The UST reiterated the argument that he had standing under 11 U.S.C. § 307, consistent with its legislative history;[5] cited numerous reported decisions, see, e.g., *319 In re Wilson, 413 B.R. 330 (Bankr.E.D.La. 2009); In re Countrywide Home Loans, Inc., 384 B.R. 373 (Bankr.W.D.Pa.2008), in support of his position, and attached copies of numerous unpublished decisions from several districts in which bankruptcy courts rejected the position BAC has advanced in the instant case, see, e.g., In re Morris, No. 07-73592, slip op. (Bankr. W.D.Ark. March 1, 2010); In re Santiago, No. 10-17135, slip op. (Bankr.N.D.Ohio Feb. 11, 2010); In re Romas, No. 10-90007, slip op. (Bankr.D.S.C.Feb. 3, 2011); and In re Luna, No. 10-mp-00101, slip op. (Bankr.C.D.Cal. Jan. 28, 2011). The UST argued that BAC misapprehends the role of the UST in that the UST is not an attorney for debtors, a representative of debtors' estates or an agent of creditors, stating that the UST is "a watchdog to protect the bankruptcy system from abuse and protect the public interest in a fair and effective bankruptcy process."

    The UST also responded to BAC's argument made at the April 14, 2011 hearing, specifically that reconsideration is warranted because the issues surrounding the Debtor's loan modification are moot as BAC settled the Debtor's claim against it. The UST stated: "[i]f this argument is accepted, it will essentially provide BAC with a blank check to violate the bankruptcy laws, because whenever BAC is about to be sanctioned in any particular case it can settle with the Debtor and make the issue `moot.'"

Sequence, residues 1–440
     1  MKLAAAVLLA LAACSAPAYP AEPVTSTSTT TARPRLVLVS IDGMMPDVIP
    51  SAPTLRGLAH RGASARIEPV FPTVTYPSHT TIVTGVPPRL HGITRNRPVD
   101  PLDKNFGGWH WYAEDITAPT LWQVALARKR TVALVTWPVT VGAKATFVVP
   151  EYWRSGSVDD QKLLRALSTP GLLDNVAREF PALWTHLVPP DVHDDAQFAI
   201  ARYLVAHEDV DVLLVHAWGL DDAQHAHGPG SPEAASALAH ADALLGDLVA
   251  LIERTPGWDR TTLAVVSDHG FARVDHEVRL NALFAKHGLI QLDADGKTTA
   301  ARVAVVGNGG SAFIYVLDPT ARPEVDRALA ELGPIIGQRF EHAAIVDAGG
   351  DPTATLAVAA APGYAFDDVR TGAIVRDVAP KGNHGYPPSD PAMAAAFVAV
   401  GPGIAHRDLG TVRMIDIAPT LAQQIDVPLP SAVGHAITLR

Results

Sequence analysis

2. BAC

    In its Reply in Support of Motion for Reconsideration, BAC argued that the plain language of the Bankruptcy Code and the Federal Rules of Bankruptcy Procedure do not permit the UST to conduct a Rule 2004 examination because the UST is not a party in interest. It argued that 11 U.S.C. § 307 also does not grant the UST authority to conduct a Rule 2004 examination and that the UST failed to establish good cause because of the high level of intrusiveness of the trustee's requests.

    IV. APPLICABLE LAW

    Courts recognize that the permitted scope of a Rule 2004 examination is extremely broad. For example, in In re GHR Energy Corp., 33 B.R. 451 (Bankr. D.Mass.1983), the court stated:

    [T]he scope of a Rule 2004 examination is unfettered and broad. "In general, a large latitude of inquiry should be allowed in the examination of persons closely connected with the bankrupt in business dealings, or otherwise, for the purpose of discovering assets and unearthing frauds, upon any reasonable surmise that they have assets of the debtor. . . . The examination . . . is of necessity to a considerable extent a fishing expedition."

    Id. at 453 (citation omitted). See also In re N. Plaza LLC, 395 B.R. 113, 122 n. 9 (S.D.Cal.2008) ("It is well established that the scope of a Rule 2004 examination is exceptionally broad and provides few of the procedural safeguards found in Federal Rule of Civil Procedure 26."); In re Texaco Inc., 79 B.R. 551, 553 (Bankr. S.D.N.Y.1987) ("Rule 2004 affords a party in interest an opportunity to conduct a wide-ranging examination with respect to a debtor's financial affairs."). There are limits to the scope of a Rule 2004 examination, however, and the scope of the examination will be limited if the purpose is to abuse or harass. See Martin v. Schaap Moving Sys., Inc., 152 F.3d 919, 1998 WL 405966, at *2 (5th Cir.1998) (unpublished table decision).

    An entity contesting a Rule 2004 examination generally files a motion to quash or a motion for a protective order, which shifts the burden to the party seeking an examination to show "good cause" *320 for the examination to proceed. In Matter of Wilcher, 56 B.R. 428 (Bankr.N.D.Ill. 1985), the court explained, stating:

    Although a Rule 2004 examination may be ordered ex-parte, once a motion to quash a subpoena is made, the examiner bears the burden of proving that good cause exists for taking the requested discovery. This is so even though the ultimate burden of persuasion on a motion to quash a subpoena duces tecum as oppressive rests on the movant.